Doctor Strange – the 14th entry in Marvel’s ongoing Cinematic Universe – is both one of their most inventive and one of their most safe films. Directed by Sinister helmer Scott Derrickson, the film introduces magic to this universe and does so in spectacular fashion, with visuals that are unlike anything else we’ve ever seen in this universe. Everything else on show here, however, is well-worn territory for Marvel.
Much like Iron Man’s Tony Stark, Stephen Strange (Benedict Cumberbatch) is as brilliant as he is arrogant, but when he’s hit with adversity, he must come to accept that there are bigger and more important things than his ego. Strange has a reputation as one of the world’s greatest surgeons, but he is abrasive and full of his own importance, with that rep proving more important to him than his patients. All of that comes to a screeching halt when a car crash leaves him with nerve damage in both hands, leaving Strange bitter, spiteful and desperate to find a way to get his hands back.
After exhausting all the possibilities of Western medicine, Strange hears of a place in Kathmandu where seemingly any physical ailment can be cured. What he finds is not a doctor but a powerful sorcerer named the Ancient One (Tilda Swinton), who introduces him to the astral plane and alternate dimensions and the multiverse and all kinds of exposition. The Ancient One and her disciples – including Mordo (Chiwetel Ejiofor) and Wong (Benedict Wong) – practice the mystic arts, possessing the ability to hop between dimensions and manipulate the laws of space and time. They use these abilities to battle threats to our dimension, including Kaecilius (Mads Mikkelsen), a former disciple who wants a piece of the immortality pie for himself. In order to stop Kaecilius and his zealots wreaking havoc on our dimension, Strange must abandon his ego and sacrifice his own desires for the greater good.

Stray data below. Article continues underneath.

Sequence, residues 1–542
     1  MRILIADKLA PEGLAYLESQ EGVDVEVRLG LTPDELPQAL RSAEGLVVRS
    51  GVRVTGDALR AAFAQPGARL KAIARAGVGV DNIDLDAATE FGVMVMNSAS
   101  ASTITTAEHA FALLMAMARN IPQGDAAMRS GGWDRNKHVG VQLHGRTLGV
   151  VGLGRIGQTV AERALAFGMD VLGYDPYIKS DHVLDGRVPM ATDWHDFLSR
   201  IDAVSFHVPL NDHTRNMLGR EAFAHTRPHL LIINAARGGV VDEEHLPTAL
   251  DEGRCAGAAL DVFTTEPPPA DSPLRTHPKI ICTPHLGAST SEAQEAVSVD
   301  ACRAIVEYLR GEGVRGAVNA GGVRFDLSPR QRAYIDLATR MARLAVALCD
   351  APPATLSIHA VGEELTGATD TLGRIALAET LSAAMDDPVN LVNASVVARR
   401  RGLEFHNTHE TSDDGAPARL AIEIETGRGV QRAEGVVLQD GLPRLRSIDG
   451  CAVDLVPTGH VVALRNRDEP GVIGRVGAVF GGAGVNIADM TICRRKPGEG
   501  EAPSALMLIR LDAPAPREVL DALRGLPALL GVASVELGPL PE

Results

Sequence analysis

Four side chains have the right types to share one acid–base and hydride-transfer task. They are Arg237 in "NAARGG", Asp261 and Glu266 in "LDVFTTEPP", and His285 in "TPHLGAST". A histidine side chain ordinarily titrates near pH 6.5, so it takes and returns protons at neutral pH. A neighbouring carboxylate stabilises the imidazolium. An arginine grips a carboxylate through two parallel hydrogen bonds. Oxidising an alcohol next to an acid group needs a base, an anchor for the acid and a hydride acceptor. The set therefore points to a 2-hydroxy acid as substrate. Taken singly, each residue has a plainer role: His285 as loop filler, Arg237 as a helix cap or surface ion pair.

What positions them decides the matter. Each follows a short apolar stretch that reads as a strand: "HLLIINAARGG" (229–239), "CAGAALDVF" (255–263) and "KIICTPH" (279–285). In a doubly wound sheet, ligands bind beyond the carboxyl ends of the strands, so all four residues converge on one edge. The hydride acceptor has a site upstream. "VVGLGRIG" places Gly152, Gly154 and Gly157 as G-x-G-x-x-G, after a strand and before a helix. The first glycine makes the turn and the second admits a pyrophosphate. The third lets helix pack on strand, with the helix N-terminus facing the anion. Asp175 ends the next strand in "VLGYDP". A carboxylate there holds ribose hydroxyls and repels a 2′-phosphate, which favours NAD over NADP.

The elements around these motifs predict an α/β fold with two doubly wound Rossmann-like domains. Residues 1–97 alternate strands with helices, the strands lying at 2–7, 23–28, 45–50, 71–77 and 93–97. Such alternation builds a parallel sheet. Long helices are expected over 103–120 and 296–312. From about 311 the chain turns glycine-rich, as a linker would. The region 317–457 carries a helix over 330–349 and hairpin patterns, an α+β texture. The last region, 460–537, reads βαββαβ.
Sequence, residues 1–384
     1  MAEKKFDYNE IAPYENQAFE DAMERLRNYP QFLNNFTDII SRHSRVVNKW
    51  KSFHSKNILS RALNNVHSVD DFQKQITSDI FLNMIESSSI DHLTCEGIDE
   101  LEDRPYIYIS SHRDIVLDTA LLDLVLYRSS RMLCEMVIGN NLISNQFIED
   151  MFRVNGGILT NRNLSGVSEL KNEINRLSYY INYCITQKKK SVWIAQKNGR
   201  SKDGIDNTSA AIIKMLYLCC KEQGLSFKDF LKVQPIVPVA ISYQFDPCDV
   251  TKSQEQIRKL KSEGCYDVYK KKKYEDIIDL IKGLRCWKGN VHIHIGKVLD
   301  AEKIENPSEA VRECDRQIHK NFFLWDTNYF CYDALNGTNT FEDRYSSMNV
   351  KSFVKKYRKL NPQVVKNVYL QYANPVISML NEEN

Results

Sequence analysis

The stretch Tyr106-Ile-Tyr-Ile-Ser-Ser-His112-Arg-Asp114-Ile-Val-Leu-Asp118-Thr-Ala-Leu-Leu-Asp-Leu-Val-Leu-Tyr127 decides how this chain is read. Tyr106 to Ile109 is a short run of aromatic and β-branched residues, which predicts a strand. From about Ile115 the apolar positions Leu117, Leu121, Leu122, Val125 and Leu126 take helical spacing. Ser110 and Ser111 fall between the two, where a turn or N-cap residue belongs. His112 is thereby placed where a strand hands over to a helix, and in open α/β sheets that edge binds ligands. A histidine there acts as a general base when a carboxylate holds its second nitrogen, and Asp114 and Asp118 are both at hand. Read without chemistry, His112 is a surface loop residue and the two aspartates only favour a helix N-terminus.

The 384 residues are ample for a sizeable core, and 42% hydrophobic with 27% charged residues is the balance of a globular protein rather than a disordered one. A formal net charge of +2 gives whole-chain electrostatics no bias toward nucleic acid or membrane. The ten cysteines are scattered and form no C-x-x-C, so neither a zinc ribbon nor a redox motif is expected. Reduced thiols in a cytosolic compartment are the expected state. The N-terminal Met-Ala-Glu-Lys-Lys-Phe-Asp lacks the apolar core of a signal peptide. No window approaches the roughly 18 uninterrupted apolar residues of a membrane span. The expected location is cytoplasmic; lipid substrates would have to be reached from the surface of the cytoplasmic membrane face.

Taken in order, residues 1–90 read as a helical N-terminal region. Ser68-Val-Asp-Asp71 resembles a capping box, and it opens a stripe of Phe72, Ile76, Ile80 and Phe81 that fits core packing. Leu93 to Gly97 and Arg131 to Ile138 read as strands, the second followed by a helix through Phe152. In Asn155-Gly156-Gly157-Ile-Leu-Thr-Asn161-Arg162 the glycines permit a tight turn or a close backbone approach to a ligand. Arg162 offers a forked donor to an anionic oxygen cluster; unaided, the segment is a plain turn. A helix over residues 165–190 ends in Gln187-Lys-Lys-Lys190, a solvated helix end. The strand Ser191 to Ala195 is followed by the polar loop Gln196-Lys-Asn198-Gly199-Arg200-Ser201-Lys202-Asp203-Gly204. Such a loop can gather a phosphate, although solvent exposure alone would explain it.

For anyone already initiated in the MCU, this story is standard stuff: privileged egomaniac learns through adversity to put others ahead of himself. All the other tropes are present and correct too: Ejiofor is largely wasted in a sidekick role though at least he will be back in a bigger role at a later date. This is likely not the case for Rachel McAdams’ Christine Palmer, the latest one-dimensional love interest whose role is so thin, it makes Natalie Portman’s Thor character look like Lady Macbeth by comparison. It almost goes without saying at this point that the villain is another in a long line of Marvel duds. Mikkelsen is solid, of course, but Kaecilius is too thinly drawn to leave any kind of lasting impression. There’s something of a compelling conflict in there, with Kaecilius driven by the feeling that the supposedly good Ancient One is hoarding all of the power for herself, but it’s never explored to its fullest potential.
What does mark Doctor Strange apart from its Marvel stablemates however is its introduction of mysticism and the eye-popping, psychedelic visuals that go along with it. There’s a 2001-esque sequence that is visually the most ambitious thing we’ve seen in the MCU, as Strange’s astral form is sent on a journey through countless dimensions. Fight scenes take place across different dimensions, with the surroundings bending and folding and twisting on each other, like Inception’s famous folding Paris scene, though here it’s turned up to mind-bending eleven. Though some of the space sequences call to mind the far-from-beloved Green Lantern, on the whole this is a beautiful film that employs effects and visuals like we’ve never seen in a superhero film and really make this stand out from the rest of the MCU.
While the visuals alone make Doctor Strange worth seeing – it looks that amazing – it’s hard to shake the feeling that this is minor Marvel. It goes through the motions in every way possible; even the snappy dialogue – a crucial part of what makes Marvel’s output so enjoyable – just feels rote, with most of the jokes landing with a thud. Part of that is down to Cumberbatch who, while a fine actor, lacks the charisma or comedic chops to pull off the witty banter and throwaway lines the way someone like Robert Downey Jr, Paul Rudd or Chris Pratt can. It’s also down to a script that is tasked with introducing new worlds and new possibilities, so is understandably weighed down with exposition. Now that’s out the way, the table is set for a sequel that can flesh out the characters and explore the interesting concepts introduced here in a fuller way.